Nebraska Economic Growth: 1st Quarter of 2018
Nebraska saw some of the nation’s slowest economic growth in the first quarter of 2018.
New government statistics from the U.S. Bureau of Economic Analysis show that Nebraska experienced 0.9 percent Gross Domestic Product growth in the first quarter of 2018. However, Nebraska’s growth was significantly slower than most other states in the country, only surpassing Maine (0.6), Kansas (0.5), Idaho (0.4), Arkansas (0.0), and North Dakota (-0.6).Nebraska’s growth was consistent with the fourth quarter of last year, which also grew at 0.9 percent.
Economic growth is a positive for Nebraska, especially after coming out of a small recession early last year. The recession stemmed from commodity prices dropping significantly after peaking in late 2013 and early 2014.
However, the numbers suggest the economy is not recovering at the same speed as neighboring agricultural states such as South Dakota, Iowa, and Missouri who showed a growth of 3.1 percent, 2.9 percent, and 2.4 percent respectively.
The BEA report also coincides with a new economic indicator report from Eric Thompson, director of the Bureau of Business Research at the University of Nebraska-Lincoln. Thompson’s report, which details the economic outlook of the state six months in advance, indicates that Nebraska’s economic growth will decline about 0.4 percent in the fourth quarter of this year. Thompson explains the main reason for this decline was that, “a rising dollar increases competitive pressure on agriculture, manufacturing and other businesses which export.” He also suggests that fewer hours for manufacturing jobs and an increase in unemployment insurance contributed to this estimate.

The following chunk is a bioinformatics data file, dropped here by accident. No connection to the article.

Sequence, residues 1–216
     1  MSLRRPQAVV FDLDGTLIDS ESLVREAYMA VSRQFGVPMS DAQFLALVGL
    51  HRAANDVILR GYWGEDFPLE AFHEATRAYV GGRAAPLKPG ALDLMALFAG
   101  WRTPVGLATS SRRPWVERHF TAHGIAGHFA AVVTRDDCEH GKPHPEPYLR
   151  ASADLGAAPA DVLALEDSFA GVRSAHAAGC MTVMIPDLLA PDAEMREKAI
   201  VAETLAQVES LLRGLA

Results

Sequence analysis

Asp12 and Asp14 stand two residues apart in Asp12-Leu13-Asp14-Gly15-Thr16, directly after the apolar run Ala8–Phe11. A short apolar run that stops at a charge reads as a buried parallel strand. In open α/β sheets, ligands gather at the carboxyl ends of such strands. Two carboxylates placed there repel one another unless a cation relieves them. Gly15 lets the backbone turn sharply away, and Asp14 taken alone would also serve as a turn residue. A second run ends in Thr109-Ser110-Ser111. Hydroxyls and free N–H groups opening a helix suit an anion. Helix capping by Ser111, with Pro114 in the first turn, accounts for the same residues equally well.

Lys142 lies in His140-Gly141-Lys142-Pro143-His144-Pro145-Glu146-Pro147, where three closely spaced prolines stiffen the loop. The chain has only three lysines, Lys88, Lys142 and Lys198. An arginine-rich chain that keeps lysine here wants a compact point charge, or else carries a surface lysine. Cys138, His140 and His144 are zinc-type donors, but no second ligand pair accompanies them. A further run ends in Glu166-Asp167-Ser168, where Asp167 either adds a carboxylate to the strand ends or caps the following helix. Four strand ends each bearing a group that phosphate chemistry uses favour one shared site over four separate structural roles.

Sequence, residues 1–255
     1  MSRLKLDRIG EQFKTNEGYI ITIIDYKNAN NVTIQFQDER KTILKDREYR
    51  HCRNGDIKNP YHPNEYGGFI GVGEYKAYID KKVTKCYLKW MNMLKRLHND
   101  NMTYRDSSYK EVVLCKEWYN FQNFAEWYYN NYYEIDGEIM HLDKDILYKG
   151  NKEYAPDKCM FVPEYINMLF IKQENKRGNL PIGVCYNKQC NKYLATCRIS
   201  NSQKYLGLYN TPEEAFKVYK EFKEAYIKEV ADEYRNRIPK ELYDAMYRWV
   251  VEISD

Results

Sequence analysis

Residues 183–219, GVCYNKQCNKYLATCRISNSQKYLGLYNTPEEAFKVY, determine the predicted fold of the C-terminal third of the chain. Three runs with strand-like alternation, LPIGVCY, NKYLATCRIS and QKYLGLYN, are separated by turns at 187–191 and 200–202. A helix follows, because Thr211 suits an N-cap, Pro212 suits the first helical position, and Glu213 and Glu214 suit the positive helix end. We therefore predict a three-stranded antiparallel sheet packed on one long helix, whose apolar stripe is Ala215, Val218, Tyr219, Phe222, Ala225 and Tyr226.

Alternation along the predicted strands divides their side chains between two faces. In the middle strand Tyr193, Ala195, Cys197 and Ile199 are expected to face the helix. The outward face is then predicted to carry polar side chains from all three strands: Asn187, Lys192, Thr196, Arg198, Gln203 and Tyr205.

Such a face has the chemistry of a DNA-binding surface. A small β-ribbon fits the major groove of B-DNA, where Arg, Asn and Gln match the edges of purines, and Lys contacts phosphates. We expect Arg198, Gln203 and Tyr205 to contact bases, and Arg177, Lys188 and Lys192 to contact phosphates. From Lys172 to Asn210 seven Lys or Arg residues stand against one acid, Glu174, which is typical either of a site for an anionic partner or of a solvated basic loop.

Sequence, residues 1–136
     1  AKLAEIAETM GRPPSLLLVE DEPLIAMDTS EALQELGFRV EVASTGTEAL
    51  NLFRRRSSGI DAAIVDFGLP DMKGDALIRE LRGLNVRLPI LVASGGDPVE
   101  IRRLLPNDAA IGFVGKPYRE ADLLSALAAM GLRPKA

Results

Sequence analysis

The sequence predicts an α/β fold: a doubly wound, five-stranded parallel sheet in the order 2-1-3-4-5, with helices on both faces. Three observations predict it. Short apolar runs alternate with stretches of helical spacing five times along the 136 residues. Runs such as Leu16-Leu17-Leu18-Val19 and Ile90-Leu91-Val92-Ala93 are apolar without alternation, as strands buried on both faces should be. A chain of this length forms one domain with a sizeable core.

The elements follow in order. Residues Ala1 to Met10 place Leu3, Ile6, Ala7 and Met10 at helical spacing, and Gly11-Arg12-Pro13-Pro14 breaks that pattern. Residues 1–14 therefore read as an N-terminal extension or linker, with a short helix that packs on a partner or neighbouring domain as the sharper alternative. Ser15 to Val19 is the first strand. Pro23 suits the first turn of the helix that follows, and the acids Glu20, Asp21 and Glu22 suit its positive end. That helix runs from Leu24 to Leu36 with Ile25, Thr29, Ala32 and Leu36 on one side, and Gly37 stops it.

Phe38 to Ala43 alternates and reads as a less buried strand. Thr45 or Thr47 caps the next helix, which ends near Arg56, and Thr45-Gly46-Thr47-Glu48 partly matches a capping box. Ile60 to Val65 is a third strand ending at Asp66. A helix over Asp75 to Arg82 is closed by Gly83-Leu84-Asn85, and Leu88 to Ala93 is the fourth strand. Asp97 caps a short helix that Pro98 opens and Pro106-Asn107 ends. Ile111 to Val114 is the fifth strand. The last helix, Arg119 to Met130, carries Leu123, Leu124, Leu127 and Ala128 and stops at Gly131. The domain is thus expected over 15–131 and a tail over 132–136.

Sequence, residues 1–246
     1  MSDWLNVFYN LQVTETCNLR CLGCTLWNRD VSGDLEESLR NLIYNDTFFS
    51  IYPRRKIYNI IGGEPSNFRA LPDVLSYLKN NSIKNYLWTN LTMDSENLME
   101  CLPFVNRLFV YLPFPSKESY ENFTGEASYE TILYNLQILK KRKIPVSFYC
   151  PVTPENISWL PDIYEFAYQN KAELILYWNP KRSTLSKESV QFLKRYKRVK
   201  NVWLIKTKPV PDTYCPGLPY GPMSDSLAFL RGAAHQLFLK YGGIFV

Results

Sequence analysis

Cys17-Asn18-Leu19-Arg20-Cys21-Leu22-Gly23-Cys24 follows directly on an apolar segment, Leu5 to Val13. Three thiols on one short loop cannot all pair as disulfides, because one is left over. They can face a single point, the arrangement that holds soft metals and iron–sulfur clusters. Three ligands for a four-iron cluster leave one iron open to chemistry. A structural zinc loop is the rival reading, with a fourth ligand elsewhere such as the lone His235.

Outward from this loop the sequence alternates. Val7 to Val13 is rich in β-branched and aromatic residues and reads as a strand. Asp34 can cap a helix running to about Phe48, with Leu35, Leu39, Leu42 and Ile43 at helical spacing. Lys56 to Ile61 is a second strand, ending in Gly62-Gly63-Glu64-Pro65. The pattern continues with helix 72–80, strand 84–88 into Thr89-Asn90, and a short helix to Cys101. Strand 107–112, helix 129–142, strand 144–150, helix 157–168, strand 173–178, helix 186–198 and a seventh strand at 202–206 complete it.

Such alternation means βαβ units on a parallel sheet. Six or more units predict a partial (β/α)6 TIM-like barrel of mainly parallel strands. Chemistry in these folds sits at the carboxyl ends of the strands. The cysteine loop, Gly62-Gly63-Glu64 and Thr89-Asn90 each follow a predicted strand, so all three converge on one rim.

While the BEA’s report indicates economic growth in the first quarter, it mirrors the same results from the fourth quarter of last year at an underwhelming 0.9 percent. Policymakers should keep an eye on these numbers in the next few quarters. It’s difficult to draw conclusions from a single quarter, but if Nebraska’s GDP continues to grow at a dismal pace while other agriculture-based states continue to excel, it may indicate Nebraska should take a different approach to its economic policies.